Russian leaders finally picked apart the Kerry-Lavrov understanding for Syria’s chemical disarmament – less than a week after it was unveiled in Geneva last Saturday. Thursday, Sept. 19, they slapped down a string of coordinated obstructions. One knockout blow came from President Vladimir Putin, who commented dryly that he could not be 100 percent certain that the plan for the destruction of Syria’s chemical weapons would succeed. “But everything we have seen so far in recent days gives us confidence that this will happen. I hope so,” he said.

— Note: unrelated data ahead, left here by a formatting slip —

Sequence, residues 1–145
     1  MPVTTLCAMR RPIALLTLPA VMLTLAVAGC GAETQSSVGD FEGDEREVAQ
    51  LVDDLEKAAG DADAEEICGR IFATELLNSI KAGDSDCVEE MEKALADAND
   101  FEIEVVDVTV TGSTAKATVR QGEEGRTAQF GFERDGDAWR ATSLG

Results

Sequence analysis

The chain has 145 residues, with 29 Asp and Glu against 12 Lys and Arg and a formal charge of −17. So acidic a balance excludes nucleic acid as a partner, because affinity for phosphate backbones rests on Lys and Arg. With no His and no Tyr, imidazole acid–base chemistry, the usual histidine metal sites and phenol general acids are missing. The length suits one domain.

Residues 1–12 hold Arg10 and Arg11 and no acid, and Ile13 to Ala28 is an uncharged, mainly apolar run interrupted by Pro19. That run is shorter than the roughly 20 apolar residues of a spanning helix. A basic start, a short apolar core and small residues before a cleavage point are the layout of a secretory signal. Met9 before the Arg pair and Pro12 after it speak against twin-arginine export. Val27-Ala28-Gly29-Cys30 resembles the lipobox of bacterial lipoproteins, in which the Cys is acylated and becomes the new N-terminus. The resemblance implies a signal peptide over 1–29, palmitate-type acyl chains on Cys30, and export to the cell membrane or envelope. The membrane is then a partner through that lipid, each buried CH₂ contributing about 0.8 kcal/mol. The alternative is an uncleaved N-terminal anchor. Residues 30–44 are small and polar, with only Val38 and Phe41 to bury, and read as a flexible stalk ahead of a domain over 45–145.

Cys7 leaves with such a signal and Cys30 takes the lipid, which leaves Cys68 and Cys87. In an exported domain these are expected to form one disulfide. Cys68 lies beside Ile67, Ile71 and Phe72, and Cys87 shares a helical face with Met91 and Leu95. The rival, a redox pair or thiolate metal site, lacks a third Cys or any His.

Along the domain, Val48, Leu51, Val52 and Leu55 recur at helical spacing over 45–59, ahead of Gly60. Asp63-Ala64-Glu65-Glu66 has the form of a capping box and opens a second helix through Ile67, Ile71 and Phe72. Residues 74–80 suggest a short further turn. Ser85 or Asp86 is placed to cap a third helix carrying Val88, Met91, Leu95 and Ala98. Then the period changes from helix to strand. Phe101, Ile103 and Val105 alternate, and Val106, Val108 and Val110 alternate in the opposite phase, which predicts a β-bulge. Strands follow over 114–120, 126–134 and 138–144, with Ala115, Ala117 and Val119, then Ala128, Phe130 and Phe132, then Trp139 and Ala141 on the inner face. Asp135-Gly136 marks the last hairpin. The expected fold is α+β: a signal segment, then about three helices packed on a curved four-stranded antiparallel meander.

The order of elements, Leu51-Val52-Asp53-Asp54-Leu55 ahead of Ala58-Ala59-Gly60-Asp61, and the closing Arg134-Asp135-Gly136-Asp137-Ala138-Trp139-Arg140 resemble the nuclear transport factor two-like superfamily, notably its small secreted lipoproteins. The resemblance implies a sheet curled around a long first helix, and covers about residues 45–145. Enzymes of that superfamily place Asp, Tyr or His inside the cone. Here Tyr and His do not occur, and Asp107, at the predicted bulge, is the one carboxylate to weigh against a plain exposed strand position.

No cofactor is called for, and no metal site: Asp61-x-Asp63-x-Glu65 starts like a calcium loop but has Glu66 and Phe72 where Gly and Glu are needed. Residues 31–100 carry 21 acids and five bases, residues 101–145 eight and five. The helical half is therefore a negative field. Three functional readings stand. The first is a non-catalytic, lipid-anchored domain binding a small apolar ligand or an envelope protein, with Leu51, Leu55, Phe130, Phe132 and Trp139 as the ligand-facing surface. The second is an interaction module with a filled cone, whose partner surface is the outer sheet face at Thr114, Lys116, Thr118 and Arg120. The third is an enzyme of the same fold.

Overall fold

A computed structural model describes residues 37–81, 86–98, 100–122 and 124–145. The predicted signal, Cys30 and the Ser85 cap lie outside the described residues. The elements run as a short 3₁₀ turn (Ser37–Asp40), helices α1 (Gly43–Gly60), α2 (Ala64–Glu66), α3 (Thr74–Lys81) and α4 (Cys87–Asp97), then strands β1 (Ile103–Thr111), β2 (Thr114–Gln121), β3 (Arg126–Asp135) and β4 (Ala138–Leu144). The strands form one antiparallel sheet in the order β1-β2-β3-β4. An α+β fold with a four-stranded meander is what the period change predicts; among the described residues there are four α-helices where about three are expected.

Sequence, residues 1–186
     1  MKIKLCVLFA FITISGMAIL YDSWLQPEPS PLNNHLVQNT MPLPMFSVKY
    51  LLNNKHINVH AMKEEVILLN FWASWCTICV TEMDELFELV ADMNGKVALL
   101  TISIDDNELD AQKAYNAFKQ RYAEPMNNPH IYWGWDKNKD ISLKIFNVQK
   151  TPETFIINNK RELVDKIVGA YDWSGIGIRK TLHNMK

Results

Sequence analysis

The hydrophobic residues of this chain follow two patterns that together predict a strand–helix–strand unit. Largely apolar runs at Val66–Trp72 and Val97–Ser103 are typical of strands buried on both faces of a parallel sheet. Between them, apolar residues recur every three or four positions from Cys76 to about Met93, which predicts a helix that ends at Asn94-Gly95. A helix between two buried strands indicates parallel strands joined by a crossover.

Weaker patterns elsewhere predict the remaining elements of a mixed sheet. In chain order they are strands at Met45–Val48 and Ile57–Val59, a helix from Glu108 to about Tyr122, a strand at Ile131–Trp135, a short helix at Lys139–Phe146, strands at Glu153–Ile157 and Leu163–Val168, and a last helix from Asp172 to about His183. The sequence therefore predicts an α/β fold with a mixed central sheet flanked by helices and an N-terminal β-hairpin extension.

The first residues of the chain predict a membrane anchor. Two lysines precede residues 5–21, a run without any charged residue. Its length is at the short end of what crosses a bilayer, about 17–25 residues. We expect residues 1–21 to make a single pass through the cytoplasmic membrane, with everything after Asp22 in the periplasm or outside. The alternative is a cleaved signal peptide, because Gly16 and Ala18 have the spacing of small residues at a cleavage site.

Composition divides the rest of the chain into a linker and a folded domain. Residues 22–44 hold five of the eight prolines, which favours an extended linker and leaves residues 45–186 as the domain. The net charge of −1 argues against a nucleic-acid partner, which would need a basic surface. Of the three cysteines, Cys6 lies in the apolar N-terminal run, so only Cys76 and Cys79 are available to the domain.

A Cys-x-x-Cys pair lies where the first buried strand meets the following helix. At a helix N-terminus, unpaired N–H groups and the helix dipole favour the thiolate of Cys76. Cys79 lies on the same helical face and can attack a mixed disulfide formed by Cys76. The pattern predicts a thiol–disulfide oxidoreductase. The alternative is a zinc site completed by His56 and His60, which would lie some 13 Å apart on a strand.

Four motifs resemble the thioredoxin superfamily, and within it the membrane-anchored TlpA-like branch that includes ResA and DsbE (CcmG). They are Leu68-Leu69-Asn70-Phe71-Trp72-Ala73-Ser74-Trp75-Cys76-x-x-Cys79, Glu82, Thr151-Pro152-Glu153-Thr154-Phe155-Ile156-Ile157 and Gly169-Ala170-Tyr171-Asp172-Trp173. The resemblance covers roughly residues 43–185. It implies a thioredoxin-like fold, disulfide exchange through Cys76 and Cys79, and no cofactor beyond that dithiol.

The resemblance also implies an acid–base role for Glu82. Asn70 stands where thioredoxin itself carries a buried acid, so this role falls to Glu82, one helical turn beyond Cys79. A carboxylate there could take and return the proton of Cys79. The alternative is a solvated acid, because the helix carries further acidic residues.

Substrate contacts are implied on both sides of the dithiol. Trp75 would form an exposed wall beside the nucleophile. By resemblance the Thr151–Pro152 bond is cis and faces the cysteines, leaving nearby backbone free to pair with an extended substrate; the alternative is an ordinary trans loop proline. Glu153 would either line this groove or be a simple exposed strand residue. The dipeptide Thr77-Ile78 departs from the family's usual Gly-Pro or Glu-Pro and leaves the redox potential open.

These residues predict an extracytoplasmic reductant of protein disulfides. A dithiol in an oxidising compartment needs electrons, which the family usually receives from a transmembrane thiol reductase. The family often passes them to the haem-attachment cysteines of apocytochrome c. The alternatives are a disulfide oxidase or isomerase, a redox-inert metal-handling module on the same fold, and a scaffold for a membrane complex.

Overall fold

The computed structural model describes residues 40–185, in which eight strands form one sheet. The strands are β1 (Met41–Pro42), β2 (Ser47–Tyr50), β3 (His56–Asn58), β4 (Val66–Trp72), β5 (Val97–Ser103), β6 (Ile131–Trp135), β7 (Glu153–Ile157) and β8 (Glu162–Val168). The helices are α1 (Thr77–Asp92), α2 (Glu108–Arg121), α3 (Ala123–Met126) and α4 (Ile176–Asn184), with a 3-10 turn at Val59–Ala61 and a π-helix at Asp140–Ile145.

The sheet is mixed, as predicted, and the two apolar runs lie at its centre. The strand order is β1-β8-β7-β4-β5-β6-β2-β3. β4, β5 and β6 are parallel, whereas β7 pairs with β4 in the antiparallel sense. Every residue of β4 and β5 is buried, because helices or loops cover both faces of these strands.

To dispel that hope, Defense Minister Sergey Shoigu followed up with a denial of any plans to destroy the Syrian chemical stocks on Russian soil.
Then, in an interview to Fox News, Syrian President Bashar Assad, in sync with Moscow, asked mockingly: “It [the destruction of poison chemicals] is very detrimental to the environment. If the American administration is ready to pay this money and take the responsibility of bringing toxic materials to the United States, why don’t they do it?”
Since Russia and the US are the only countries with the industrial-scale capacity to destroy chemical munitions, and their import is banned under US law, Assad’s chemical arsenal is safe.